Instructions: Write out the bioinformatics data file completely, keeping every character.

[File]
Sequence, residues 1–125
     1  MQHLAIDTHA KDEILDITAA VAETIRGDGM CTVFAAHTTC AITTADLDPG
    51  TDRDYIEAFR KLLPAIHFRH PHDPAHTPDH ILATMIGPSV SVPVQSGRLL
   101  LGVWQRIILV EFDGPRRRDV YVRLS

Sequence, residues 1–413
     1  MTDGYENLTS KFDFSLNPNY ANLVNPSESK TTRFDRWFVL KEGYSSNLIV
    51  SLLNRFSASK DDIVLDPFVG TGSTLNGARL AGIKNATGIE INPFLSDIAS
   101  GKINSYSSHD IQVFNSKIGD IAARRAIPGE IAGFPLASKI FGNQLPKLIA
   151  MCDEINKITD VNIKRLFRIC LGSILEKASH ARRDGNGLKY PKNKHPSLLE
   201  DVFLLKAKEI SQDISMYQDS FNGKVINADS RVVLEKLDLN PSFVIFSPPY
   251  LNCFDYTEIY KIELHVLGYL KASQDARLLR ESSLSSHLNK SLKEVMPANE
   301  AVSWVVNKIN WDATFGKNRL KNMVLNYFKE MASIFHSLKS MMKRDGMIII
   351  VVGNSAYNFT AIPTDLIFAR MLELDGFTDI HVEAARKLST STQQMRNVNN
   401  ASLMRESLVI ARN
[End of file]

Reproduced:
Sequence, residues 1–125
     1  MQHLAIDTHA KDEILDITAA VAETIRGDGM CTVFAAHTTC AITTADLDPG
    51  TDRDYIEAFR KLLPAIHFRH PHDPAHTPDH ILATMIGPSV SVPVQSGRLL
   101  LGVWQRIILV EFDGPRRRDV YVRLS

Sequence, residues 1–413
     1  MTDGYENLTS KFDFSLNPNY ANLVNPSESK TTRFDRWFVL KEGYSSNLIV
    51  SLLNRFSASK DDIVLDPFVG TGSTLNGARL AGIKNATGIE INPFLSDIAS
   101  GKINSYSSHD IQVFNSKIGD IAARRAIPGE IAGFPLASKI FGNQLPKLIA
   151  MCDEINKITD VNIKRLFRIC LGSILEKASH ARRDGNGLKY PKNKHPSLLE
   201  DVFLLKAKEI SQDISMYQDS FNGKVINADS RVVLEKLDLN PSFVIFSPPY
   251  LNCFDYTEIY KIELHVLGYL KASQDARLLR ESSLSSHLNK SLKEVMPANE
   301  AVSWVVNKIN WDATFGKNRL KNMVLNYFKE MASIFHSLKS MMKRDGMIII
   351  VVGNSAYNFT AIPTDLIFAR MLELDGFTDI HVEAARKLST STQQMRNVNN
   401  ASLMRESLVI ARN